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District of Beersheba (Bir As-Saba) - One of the Palestine Districts-1948, find here important information and profiles from District of Beersheba (Bir As-Saba).
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Sayyid Salem Abou Msameh Freih Abu Meddien Sheikh Freih Abu Meddien Abdullah Franji Jamal Abou Samhadana        

District of Beersheba (Bir As-Saba)

One of the Palestine Districts 1948, find here important information and profiles from District of Beersheba (Bir As-Saba).

Where Was The District of Beersheba (Bir As-Saba) Located?

District of Beersheba (Bir As-Saba) is located in the south part of Palestine 1948, south of Hebron District, south of Gaza District, as shown on the map.

The Negev Triangle of 1948

Of the 418 Palestinian towns and villages, destroyed or depopulated in 1948 and after, some 48 lay in the Negev area; 3 in the Beersheba District, and 45 in the Gaza District.

In the Beersheba District, the villages of al-Imara (El Imara), al-Jammama (Jammameh) and al-Khalasa (El Khalasa) constitutes the doomed Palestinian villages. But in the Gaza District, among the 45 wiped-out Palestinian villages, the towns and villages of al-Faluja, Iraq Suwaydan and Iraq al-Manshiyya have entered history for two reasons: -

The ferocity of the battles which took place between the Egyptian army and the Israeli invaders, first; and the presence of many prominent young Egyptian officers, including Major Gamal Abdul Nasser, later the Egyptian President and the Pan-Arab nationalism’s hero, who battled the Israeli invaders and resisted the ensuing siege of Egyptian troops at al-Faluja Pocket; a siege that turned out to be a case of great embarrassment to Cairo and other Arab capitals.

Many Jewish settlements and factories were to be built after 1948 by the newcomers to commemorate these battles at which Nasser and his compatriots had taken part.

Within hindsight, the Israeli press began reporting, in the wake of the second uprising against occupation, on the dwindling fortunes of the Negev’s colonies and industrial establishments, which were built in the aftermath of the 1948 war. For example, Ha’aretz reported last year a telling story about the laying off of hundreds of workers from a factory of clothes, which was built in the early 1950s to commemorate the “ defeat of Nasser’s army”, in the words of Pinhas Saphir, then Israel’s minister of industry. Saphir drove a Chilean millionaire in the early hours of a summer day in 1950s to a remote spot in the Negev in an attempt to fool the latter that he was driving him to a suburb of Tel Aviv. Failing to convince his interlocutor in the first trip, he drove him to the same destination again asking him to build the factory there. When the businessman hesitated to have an industrial establishment be built in the desert, Saphir ordered him on behalf of Ben-Gurion this time to go ahead with the project, saying not far from here the Israeli army had defeated Colonel Nasser’s army and we want to commemorate this historic event. In fact the collapsing Israeli economy has been highlighted lately by endless press reports; it became a worry-some issue in the election of January 28, 03.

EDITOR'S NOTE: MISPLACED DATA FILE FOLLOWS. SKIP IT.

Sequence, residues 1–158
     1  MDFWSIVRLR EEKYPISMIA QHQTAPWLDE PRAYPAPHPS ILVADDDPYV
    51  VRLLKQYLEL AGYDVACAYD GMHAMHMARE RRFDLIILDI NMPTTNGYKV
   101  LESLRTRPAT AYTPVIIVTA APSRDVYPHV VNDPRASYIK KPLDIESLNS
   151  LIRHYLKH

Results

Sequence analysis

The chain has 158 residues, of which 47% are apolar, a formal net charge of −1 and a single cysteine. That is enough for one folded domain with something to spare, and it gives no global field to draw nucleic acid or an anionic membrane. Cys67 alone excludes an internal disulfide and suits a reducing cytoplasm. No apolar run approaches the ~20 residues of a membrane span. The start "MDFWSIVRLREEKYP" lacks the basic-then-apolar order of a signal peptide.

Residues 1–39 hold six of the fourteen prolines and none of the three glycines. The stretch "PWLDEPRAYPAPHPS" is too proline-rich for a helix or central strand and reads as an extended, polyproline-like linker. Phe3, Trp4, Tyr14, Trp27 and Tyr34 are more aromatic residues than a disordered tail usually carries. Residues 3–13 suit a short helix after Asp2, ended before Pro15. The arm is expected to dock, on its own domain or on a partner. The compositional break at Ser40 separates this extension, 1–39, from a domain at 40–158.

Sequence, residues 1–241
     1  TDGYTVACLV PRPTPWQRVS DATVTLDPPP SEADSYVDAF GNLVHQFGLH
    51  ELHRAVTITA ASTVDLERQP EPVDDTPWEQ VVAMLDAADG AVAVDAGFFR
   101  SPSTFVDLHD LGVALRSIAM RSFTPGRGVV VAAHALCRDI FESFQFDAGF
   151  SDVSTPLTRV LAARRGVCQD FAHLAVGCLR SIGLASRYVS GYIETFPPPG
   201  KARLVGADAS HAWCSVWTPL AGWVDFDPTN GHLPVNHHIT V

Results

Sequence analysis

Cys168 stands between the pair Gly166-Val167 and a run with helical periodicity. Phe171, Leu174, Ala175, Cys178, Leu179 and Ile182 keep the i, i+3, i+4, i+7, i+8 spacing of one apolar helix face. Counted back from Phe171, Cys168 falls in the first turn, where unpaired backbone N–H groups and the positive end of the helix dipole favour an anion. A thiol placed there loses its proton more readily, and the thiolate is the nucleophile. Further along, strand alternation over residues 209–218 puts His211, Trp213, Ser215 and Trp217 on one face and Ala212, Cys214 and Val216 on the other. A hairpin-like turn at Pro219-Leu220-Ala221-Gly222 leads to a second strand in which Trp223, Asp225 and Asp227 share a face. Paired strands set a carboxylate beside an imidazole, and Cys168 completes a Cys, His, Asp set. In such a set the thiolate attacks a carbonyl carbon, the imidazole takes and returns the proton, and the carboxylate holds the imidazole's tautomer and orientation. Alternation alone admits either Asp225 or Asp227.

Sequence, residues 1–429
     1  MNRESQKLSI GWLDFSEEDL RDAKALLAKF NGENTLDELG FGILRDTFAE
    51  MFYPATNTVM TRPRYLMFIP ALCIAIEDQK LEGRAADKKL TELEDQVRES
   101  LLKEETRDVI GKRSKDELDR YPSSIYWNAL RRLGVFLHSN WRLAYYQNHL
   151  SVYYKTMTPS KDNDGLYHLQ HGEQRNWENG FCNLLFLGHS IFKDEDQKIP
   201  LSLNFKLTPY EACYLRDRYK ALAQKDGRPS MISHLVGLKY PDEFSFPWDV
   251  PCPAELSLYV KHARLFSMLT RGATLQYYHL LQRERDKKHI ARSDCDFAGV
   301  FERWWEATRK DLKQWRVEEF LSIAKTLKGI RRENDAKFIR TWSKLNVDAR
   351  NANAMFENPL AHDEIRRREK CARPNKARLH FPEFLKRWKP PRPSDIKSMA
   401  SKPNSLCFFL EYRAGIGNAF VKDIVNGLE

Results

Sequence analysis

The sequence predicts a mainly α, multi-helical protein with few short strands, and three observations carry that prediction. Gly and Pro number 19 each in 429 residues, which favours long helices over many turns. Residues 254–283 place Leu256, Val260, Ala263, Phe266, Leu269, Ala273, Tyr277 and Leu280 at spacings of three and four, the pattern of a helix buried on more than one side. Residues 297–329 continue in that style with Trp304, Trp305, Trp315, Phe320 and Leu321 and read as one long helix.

Notwithstanding the outcome of the Negev’s battles of 1948, the going developments in occupied Palestine in the wake of the Palestinian Intifada against occupation had its roots in the catastrophe of 1948. In retrospect, it is worthwhile touring the Negev Triangle of 1948 ahead of the systematic destruction of 48 Palestinian towns and villages.

When Ben-Gurion ordered in 1948 the Israeli army to break through the triangle of the Egyptian forces encircling the Negev from three sides, these forces in Palestine were grouping in three blocs, which each one had been stationed on one side of the triangle in charge of certain task: -

Firstly, the western side, paralleling the Mediterranean coast and extending from ‘Rafah’ and ‘Majdal’ crossing Gaza was manned by the main bloc of the Egyptian army led by the commander in chief of the Egyptian forces in Palestine, Major General Mohammad Ahmad El Mawawi as of the beginning of the operations until October-then removed from his post leaving it to General Ahmad Fuad Sadeq, who arrived on 20 October to the HQ in El Areesh (behind Rafah).

The force was composed of 11 infantry battalions backed by three artillery battalions and engineering units, as well as signal and administrative. In fact it is difficult to make serious valuation of it, as the most of the formations were incomplete-- some of which were no more than organizational skeletons, which lacked officers and soldiers, as well as adequate arms and ammunition and means of transport.

Secondly, the second –eastern-side of the Egyptian military triangle, south of Palestine, was within the domain of the volunteering forces, which had taken part in the war ahead of the Egyptian Army. It walked from ‘Ouja’ to ‘Aslouj’ to ‘Beersheba’ and ‘Hebron’; its vanguard arrived in the outskirts of Jerusalem. The volunteers were a military force, but, however, very difficult to describe with scientific or even descriptive accuracy.